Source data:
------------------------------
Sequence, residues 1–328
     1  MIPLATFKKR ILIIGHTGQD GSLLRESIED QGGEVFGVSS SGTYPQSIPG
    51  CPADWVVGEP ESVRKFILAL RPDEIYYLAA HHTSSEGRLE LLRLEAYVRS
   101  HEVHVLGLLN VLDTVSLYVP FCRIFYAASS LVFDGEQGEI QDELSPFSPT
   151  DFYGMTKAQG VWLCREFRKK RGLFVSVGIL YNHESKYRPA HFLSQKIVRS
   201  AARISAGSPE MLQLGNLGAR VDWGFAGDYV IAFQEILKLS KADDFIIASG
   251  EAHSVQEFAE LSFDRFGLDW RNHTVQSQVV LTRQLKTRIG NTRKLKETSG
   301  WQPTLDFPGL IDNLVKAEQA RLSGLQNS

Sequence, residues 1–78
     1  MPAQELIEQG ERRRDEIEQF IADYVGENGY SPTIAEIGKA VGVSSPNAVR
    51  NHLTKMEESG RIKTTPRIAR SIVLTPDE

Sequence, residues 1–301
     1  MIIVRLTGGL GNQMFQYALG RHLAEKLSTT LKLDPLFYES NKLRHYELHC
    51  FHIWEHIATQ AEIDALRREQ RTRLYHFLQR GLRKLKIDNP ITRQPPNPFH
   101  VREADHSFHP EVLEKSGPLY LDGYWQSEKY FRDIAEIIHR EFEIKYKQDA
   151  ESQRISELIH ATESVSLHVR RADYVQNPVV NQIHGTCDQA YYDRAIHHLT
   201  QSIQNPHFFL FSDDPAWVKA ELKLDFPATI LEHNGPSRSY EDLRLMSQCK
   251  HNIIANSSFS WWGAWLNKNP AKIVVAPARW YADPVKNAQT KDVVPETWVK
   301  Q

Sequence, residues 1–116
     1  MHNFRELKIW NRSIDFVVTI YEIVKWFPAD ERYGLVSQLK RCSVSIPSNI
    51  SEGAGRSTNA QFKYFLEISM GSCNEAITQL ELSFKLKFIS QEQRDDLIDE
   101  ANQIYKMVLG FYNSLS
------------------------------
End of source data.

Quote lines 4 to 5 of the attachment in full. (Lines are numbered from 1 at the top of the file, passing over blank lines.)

   101  HEVHVLGLLN VLDTVSLYVP FCRIFYAASS LVFDGEQGEI QDELSPFSPT
   151  DFYGMTKAQG VWLCREFRKK RGLFVSVGIL YNHESKYRPA HFLSQKIVRS